have started running. Well, I say running, but what I have actually
started could best me described as 'ralking' - more walking than
running. On day one I was almost mown down by a car as I couldn't hear
it's engine over the noise of my wheezing. Admittedly, after a week I
have almost graduated to 'wunning' but it's a slow progress and highlights what I have come to admit to myself - I'm a Southern wuss.
Nothing underlines this fact as much as our annual visit to friends
up in Yorkshire. We were there a couple of weeks ago and were met by
Jane with the words "sorry, I was just having a rest on the sofa - I did
a 20 mile run this morning." 20 miles? That shouldn't even be described
as a 'run'. A run does not do it justice. It should at least merit 'an
odyssey at speed'. But no, Up North, 20 miles at pace across the moor
is just a 'run'. And Andy's 'bike ride' the next morning was also just
'a bike ride' even though I suspect he crossed a county line or two
before rendezvousing with us at RHS Harlow Carr...
...which is what I really meant to talk to you about. I probably
should have mentioned this last week, but I got all distracted with emergency bikinis and Mr Bloom's cheekbones. As you do.
Yes, in my not-at-all-regular-and-possibly-just-this-minute-made-up
series of "Garden visits with children" I thought I'd focus on Harlow
Carr, the RHS's Yorkshire garden and a surprisingly welcoming spot for
Best bits for kids
Stamping - each of the children was given a Plant
Hunter Passport which was a great idea - mostly because it guided them
around the garden, challenging them to spot different plants and
undertake various activities in the geographically themed sections of
the garden. There were even strange hole-puncturing implements to stamp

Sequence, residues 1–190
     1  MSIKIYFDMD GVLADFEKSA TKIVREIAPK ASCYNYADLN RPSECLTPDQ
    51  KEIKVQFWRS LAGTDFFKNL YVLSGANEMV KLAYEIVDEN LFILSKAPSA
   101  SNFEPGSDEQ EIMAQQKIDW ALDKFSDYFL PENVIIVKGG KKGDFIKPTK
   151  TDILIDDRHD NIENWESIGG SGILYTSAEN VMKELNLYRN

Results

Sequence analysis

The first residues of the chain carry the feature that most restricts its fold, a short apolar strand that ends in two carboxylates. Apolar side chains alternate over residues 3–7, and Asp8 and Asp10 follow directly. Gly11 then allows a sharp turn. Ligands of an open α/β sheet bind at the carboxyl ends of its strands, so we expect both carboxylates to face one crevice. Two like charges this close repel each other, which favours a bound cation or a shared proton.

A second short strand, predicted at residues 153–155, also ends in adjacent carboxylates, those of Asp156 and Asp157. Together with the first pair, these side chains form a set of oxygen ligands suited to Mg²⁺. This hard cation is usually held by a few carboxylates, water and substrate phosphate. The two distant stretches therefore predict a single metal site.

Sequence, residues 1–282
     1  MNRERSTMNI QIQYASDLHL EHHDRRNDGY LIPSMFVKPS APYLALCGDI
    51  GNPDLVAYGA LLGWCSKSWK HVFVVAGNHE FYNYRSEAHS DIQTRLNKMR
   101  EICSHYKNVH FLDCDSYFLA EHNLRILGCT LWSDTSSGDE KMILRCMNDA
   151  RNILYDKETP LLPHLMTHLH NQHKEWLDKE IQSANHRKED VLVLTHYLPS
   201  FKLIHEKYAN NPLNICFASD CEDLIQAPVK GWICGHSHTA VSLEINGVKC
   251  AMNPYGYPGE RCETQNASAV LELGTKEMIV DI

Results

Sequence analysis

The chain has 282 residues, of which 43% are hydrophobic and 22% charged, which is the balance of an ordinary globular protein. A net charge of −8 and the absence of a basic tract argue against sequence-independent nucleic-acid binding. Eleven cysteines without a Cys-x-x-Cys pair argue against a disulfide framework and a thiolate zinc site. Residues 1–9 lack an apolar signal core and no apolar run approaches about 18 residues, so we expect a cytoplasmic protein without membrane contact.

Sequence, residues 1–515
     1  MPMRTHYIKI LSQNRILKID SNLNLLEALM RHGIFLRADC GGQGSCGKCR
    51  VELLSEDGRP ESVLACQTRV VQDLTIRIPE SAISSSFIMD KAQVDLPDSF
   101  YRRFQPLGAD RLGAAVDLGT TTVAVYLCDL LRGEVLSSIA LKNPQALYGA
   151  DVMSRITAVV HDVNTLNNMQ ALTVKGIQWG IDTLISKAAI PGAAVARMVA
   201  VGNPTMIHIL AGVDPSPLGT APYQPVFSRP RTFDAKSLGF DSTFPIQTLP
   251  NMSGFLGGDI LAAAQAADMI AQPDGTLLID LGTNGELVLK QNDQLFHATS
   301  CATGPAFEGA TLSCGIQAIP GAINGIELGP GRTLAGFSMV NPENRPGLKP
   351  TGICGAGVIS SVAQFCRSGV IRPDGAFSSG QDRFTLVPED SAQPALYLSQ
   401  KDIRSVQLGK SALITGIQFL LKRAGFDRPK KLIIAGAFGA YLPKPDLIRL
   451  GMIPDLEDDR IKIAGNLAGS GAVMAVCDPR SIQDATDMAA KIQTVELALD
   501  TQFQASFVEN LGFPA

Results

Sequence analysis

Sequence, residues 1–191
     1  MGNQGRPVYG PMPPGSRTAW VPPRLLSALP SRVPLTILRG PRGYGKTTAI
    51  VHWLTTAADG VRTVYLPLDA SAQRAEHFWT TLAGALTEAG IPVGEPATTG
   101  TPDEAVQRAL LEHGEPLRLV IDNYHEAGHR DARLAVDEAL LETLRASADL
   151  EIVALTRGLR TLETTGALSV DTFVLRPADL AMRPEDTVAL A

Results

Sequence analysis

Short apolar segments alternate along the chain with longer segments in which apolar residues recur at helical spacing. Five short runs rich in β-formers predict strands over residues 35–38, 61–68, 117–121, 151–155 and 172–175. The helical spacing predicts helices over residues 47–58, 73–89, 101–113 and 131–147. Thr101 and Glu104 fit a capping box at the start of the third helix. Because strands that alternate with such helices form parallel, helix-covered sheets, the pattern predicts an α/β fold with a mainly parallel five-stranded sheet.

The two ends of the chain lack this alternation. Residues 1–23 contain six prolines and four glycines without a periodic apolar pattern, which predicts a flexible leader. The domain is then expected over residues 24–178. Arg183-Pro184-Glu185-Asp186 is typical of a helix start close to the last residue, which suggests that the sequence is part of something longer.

your passport with in each zone.
Of course, my three children managed to drop, lose or argue over
whose passport was whose, but I'm sure 'normal' children would get on
fine with these - and it does allow adults to see the whole garden
before being dragged off to child-centric features.
Craggle Top Tree House - one of those 'child-centric
features', hidden away in a wooded area of the garden, this is a new
feature in the garden and offers, not only the tree house ("it's not a
tree house, it's just on stilts" - Ava) but also rope and log walkways.
Oh, and there are a couple of handily located picnic benches for adults
who have decided they really need to sit and recover with a coffee.
Log Maze - Personally, I think 'maze' is overdoing it - the challenge would be not
to find the centre - but still a fun place to play chase with the
children. Or to watch Jane chase the children (she runs 20 miles
people, this was just a short warm down exercise and, you know, that
latte wasn't going to drink itself).
Garden games - large wooden versions of classic
games have been placed on a lawned area so the kids were able to play
snakes and ladders, Jenga, Connect 4... while I watched, with a coffee.
Log ness monster - what came first, the feature or
the pun? Logs that can be walked upon, up and down until arrival at the
monsters head (which looked slightly cock-eyed having had children walk
over it for months on end).
Bird hide - although possibly not best visited directly after a scream-infested game of chase.
Kitchen garden - with sweet pea tunnels, snaking pathways and even a few chickens.
Bettys Tea Room - so OK, more for me than the kids, but it's Bettys so I couldn't leave it out.
We were there three hours and could easily have stayed another two
without running out of things to see, but then my daughter did what many
nine-year-old girls do - became possessed by Beelzebub - and we cut
short our visit.
Thankfully, next week I shall be able to give you another tour of
child friendly gardens as I'm off to the Loire Valley. I shall not be
taking any actual children of course - although I might bring along the